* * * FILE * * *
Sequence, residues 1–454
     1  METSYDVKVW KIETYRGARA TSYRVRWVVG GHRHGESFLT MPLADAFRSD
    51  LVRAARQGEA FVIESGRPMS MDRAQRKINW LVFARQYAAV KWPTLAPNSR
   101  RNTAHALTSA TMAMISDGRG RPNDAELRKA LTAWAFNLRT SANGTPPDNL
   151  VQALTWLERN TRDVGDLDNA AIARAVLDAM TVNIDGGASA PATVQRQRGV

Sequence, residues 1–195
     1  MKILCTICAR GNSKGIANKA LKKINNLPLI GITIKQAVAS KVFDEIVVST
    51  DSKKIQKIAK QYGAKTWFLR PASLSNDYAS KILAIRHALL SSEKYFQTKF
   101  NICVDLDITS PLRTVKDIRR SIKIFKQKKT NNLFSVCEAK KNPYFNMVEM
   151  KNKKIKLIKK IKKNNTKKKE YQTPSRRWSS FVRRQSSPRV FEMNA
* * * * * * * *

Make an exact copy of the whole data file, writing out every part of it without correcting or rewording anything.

Sequence, residues 1–454
     1  METSYDVKVW KIETYRGARA TSYRVRWVVG GHRHGESFLT MPLADAFRSD
    51  LVRAARQGEA FVIESGRPMS MDRAQRKINW LVFARQYAAV KWPTLAPNSR
   101  RNTAHALTSA TMAMISDGRG RPNDAELRKA LTAWAFNLRT SANGTPPDNL
   151  VQALTWLERN TRDVGDLDNA AIARAVLDAM TVNIDGGASA PATVQRQRGV

Sequence, residues 1–195
     1  MKILCTICAR GNSKGIANKA LKKINNLPLI GITIKQAVAS KVFDEIVVST
    51  DSKKIQKIAK QYGAKTWFLR PASLSNDYAS KILAIRHALL SSEKYFQTKF
   101  NICVDLDITS PLRTVKDIRR SIKIFKQKKT NNLFSVCEAK KNPYFNMVEM
   151  KNKKIKLIKK IKKNNTKKKE YQTPSRRWSS FVRRQSSPRV FEMNA